Trade-preparatory and trade-extension training for boys and men at work
Several forms of trade-preparatory and trade-extension training for apprentices and journeymen workmen are carried on in the city. Probably the most effective work done in the teaching of boys after they have entered employment is found in manufacturing establishments which maintain apprentice schools in connection with their shops. There are two excellent examples of this type of instruction in Cleveland—the apprentice schools conducted by the New York Central Railroad and by the Warner and Swasey Company, manufacturers of astronomical instruments and machine tools.
The Warner and Swasey Company school was established in 1911. The course covers a total of 560 hours, extending over a period of four years. The apprentices attend the school four hours a week for 35 weeks each year. The time allotment for the various subjects included in the course is shown in Table 11.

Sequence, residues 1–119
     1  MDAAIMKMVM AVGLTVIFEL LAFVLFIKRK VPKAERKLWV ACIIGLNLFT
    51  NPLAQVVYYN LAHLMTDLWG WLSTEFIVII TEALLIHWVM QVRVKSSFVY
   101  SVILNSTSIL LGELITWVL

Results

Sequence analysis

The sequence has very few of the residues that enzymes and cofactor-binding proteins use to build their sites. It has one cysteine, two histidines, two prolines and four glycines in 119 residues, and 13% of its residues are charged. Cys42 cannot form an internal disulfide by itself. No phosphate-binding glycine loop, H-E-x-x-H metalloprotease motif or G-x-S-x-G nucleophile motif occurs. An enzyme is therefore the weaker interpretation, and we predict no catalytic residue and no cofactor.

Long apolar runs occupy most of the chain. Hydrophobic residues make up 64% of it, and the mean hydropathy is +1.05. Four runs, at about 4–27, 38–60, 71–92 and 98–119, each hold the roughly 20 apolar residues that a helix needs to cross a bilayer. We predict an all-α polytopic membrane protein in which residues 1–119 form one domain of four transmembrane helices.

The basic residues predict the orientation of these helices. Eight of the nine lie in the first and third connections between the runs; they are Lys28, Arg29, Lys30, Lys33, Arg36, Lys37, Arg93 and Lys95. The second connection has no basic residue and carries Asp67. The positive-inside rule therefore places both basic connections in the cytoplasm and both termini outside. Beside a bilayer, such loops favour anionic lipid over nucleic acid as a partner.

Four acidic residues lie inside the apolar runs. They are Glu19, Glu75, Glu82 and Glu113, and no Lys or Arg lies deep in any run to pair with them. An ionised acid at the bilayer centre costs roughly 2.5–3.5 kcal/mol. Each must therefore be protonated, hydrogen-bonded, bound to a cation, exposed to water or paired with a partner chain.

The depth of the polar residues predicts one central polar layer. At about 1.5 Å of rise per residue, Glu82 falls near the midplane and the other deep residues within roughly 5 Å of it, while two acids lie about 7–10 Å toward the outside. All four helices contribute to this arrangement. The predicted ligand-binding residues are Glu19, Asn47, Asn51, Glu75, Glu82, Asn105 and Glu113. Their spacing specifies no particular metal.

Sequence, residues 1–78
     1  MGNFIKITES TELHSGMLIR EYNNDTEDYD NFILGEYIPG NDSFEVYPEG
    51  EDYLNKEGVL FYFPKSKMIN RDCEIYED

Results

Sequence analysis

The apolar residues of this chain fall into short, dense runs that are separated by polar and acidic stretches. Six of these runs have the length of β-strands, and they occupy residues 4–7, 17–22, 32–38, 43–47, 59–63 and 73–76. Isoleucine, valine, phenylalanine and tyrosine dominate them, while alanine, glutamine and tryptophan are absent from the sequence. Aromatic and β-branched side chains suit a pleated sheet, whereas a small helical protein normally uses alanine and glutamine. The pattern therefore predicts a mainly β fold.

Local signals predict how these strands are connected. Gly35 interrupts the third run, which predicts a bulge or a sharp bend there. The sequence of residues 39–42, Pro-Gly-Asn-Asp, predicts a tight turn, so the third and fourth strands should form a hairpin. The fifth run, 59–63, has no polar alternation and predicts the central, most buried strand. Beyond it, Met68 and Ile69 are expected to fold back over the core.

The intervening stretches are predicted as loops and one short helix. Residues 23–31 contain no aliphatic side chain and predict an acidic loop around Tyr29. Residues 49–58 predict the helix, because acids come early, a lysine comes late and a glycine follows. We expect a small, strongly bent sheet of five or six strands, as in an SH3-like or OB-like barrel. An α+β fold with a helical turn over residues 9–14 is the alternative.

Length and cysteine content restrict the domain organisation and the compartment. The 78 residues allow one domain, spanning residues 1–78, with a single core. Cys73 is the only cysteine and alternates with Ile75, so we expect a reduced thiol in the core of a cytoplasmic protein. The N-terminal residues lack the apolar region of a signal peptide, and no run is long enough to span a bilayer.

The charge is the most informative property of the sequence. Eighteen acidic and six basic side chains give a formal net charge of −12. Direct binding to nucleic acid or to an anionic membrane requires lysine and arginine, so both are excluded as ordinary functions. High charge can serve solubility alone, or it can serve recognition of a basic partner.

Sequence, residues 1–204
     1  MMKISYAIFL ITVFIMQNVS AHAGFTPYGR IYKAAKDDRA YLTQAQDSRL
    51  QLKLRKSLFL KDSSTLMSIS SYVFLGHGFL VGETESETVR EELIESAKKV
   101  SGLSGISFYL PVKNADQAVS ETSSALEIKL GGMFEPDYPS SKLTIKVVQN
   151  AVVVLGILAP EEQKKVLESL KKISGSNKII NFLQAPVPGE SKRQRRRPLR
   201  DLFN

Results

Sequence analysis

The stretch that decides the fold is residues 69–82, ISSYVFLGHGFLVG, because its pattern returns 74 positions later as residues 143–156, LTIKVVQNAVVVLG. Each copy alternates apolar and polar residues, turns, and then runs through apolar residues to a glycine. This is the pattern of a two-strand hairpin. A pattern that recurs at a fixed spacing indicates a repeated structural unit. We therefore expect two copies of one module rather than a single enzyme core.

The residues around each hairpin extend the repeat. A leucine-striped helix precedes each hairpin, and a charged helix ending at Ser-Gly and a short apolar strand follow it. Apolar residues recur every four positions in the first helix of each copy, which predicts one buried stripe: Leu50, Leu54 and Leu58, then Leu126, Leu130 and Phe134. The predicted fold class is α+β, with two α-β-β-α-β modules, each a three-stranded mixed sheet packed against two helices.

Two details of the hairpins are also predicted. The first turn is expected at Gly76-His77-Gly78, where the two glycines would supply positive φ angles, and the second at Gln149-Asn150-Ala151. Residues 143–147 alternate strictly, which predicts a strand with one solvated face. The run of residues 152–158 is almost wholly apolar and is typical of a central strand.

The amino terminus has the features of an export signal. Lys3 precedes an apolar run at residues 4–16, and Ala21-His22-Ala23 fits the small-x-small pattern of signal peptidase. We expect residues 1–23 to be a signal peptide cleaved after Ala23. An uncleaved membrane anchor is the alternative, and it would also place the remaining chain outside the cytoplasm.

In 1915 there were 65 apprentices enrolled in the school, most of them from the machinist’s trade. The sessions are held during working hours in a room in the factory fitted up with drawing tables and blackboards. No shop equipment is used. The purpose of the course is to develop a body of trained workmen competent to take positions in the factory as foremen or heads of departments. Less than one-tenth of the total time of the course is devoted to the study of shop practice. Standard textbooks are used in the teaching of mathematics.
Subject Hours Arithmetic 35 English 65 Mechanical drawing 70 Shop practice 40 Algebra 70 Geometry 40 Trigonometry 30 Physics 70 Materials 35 Industrial history 35 Mechanics, strength of materials, and mechanical design 70 —– Total 560
The enrollment in the school conducted by the New York Central Railroad is about 140 boys, nearly all of whom are machinists’ apprentices. They are divided into three classes, the members of each class attending the school four hours a week. About two-thirds of the time is devoted to mechanical